It’s not surprising that Elizabeth Warren is withholding her endorsement of Hillary Clinton for president. Warren is a megastar in her own right, and her support carries more weight than the other 13 Democratic women senators who endorsed Clinton last month. Warren also declined to squander her box-office appeal by joining Clinton’s “Massachusetts Leadership Council,” announced this week, where she would have been one of many since the rest of the state’s Democratic delegation is on the list.
It is not personal, it’s business, although before she became a senator Warren was quite critical of Clinton’s relationship with the financial industry. And depending where you sit, and how paranoiac you are, Warren is courageously carrying the flag for the 99 percent as the sheriff for Wall Street, pushing Clinton to the left, or she’s secretly hoping Bernie Sanders wins the New Hampshire primary and a panicked party drafts her into the race as the more electable progressive voice.
Either way, there’s no evidence that Warren’s refusal to endorse signals a progressive revolt. Clinton has methodically built support from leaders across the country and from a majority of the left-wing Congressional Progressive Caucus. And while Sanders embodies her anti-Wall Street message and would love her support, she’s not aligning with him, either.
“She’s just focusing on maximizing her own voice,” says former Massachusetts Congressman Barney Frank, who praises Warren for sticking to the financial and consumer issues that she most cares about after all the media frenzy over whether she was running for president. “She’s made the very correct decision to be enormously influential as a senator in the minority, and she’s not going to dilute her impact on public policy.”
For the record, Frank supports Clinton for president, and when I suggested the left would love to see Warren as Treasury Secretary in a Clinton administration, he forcefully rejected the idea.
“Why go to work for somebody else? She’s one of the most influential senators in American history. How many Treasury Secretaries have been influential? Why work for somebody else? She’s more influential on her own. She doesn’t get into all kinds of issues. She has her views on foreign policy and the environment, but she’s focused on what she knows the best.”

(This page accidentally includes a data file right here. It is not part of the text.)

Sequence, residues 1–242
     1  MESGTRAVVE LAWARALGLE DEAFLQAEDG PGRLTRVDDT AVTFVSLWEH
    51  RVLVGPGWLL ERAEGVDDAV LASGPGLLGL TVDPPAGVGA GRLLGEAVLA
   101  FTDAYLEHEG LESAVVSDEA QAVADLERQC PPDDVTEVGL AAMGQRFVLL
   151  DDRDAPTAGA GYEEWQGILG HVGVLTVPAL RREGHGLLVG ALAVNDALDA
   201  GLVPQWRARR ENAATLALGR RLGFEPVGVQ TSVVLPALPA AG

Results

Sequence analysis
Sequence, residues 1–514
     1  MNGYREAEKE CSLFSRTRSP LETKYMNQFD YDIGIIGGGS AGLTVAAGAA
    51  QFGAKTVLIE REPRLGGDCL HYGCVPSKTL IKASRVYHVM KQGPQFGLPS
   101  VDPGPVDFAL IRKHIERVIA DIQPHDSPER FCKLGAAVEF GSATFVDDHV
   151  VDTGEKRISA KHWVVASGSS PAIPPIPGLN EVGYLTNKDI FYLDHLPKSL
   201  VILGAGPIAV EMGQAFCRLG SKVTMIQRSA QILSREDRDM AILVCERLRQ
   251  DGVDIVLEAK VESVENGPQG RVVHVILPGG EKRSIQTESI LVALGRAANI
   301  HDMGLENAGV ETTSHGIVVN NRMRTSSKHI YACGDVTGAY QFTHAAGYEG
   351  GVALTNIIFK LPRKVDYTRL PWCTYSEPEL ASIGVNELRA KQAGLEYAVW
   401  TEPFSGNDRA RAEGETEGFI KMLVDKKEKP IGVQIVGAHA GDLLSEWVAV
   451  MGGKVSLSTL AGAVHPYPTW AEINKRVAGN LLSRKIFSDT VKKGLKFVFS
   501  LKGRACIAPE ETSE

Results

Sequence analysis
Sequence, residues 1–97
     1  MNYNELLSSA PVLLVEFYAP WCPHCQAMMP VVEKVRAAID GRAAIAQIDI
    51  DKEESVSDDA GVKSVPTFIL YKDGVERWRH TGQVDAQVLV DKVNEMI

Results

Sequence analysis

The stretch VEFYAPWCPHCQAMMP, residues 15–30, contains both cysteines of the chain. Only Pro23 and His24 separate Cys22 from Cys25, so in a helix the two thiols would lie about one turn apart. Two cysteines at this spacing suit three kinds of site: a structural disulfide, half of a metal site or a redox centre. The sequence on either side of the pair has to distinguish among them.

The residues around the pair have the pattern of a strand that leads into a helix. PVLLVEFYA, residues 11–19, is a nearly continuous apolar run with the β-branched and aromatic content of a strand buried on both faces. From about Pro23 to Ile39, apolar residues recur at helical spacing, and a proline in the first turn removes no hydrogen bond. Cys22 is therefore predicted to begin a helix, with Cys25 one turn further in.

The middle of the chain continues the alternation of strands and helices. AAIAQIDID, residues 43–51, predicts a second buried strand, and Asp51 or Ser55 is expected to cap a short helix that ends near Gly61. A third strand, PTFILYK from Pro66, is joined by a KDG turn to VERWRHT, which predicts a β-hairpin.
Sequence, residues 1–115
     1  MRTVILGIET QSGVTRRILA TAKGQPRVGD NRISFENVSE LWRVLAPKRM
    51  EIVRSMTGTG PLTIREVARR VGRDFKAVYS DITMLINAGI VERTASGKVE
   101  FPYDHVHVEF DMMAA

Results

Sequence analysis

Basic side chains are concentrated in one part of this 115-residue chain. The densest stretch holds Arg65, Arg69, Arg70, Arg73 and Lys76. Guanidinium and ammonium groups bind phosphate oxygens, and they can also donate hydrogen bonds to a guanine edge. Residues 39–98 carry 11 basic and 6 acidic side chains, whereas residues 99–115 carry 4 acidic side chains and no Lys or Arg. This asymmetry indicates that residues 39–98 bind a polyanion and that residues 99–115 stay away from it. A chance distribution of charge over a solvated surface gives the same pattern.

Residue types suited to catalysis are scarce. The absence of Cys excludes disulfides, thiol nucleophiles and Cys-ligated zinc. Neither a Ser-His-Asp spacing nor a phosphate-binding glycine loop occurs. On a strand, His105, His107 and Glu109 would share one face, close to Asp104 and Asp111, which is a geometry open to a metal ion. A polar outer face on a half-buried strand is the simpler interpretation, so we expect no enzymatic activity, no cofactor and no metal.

That’s high praise for a freshman senator, and while Warren is in no apparent hurry to endorse Clinton, she did send the Democratic frontrunner a kind of digital bouquet Monday with a Facebook post praising Clinton’s proposals to regulate Wall Street. “Secretary Clinton is right to fight back against Republicans trying to sneak Wall Street giveaways into the must-pass government funding bill,” Warren wrote.
In an Op-Ed published Monday in The New York Times, Clinton defended the Consumer Financial Protection Bureau against GOP attempts to weaken or defund it. The CFPB was Warren’s brainchild and she once hoped to head the agency. “Whether it’s attacking the C.F.P.B., undermining new rules to rein in unscrupulous retirement advisers, or rolling back any part of the hard-fought progress we’ve made on financial reform, she and I agree,” Warren declared.
The absence of Warren’s name from the Massachusetts Leadership Council shouldn’t worry Clinton. “She’s become a Democratic star, and you give a star an individual opportunity,” a veteran Hill staffer said. Warren’s endorsement could be more valuable later in the process if Donald Trump continues to garner populist support. Warren was out front with a populist message before Trump appeared on the scene, and could be a valuable ally down the road to help Clinton drown out Trump.
The two women sat down together one-on-one last December, and Clinton subsequently met with economic experts that Warren recommended. Aides in both camps said they didn’t know of any additional contacts, and there is wariness on both sides of saying or doing something that might produce negative stories about their relationship.
That’s probably because they don’t appear to have much of one, and a natural suspicion of one for the other manifests itself in their aides and supporters. A longtime Clinton backer who met with Warren recently on a foreign policy matter found her perfectly pleasant but not that well-informed, prompting him to brand her “a one-trick pony (consumer interests).”
That’s what Barney Frank loves about her, that she sticks to the issues she knows, and where she can make the most difference. If Clinton reaches the White House, Warren could be her wingman, and the seeds of that relationship should be sown in the battlefield of a campaign. Then again, the longer Warren waits to endorse Clinton and the safer it is for her politically, the less appreciated it will be by the Clinton folks. And if Clinton wins New Hampshire without Warren’s endorsement, it could be Elizabeth Who?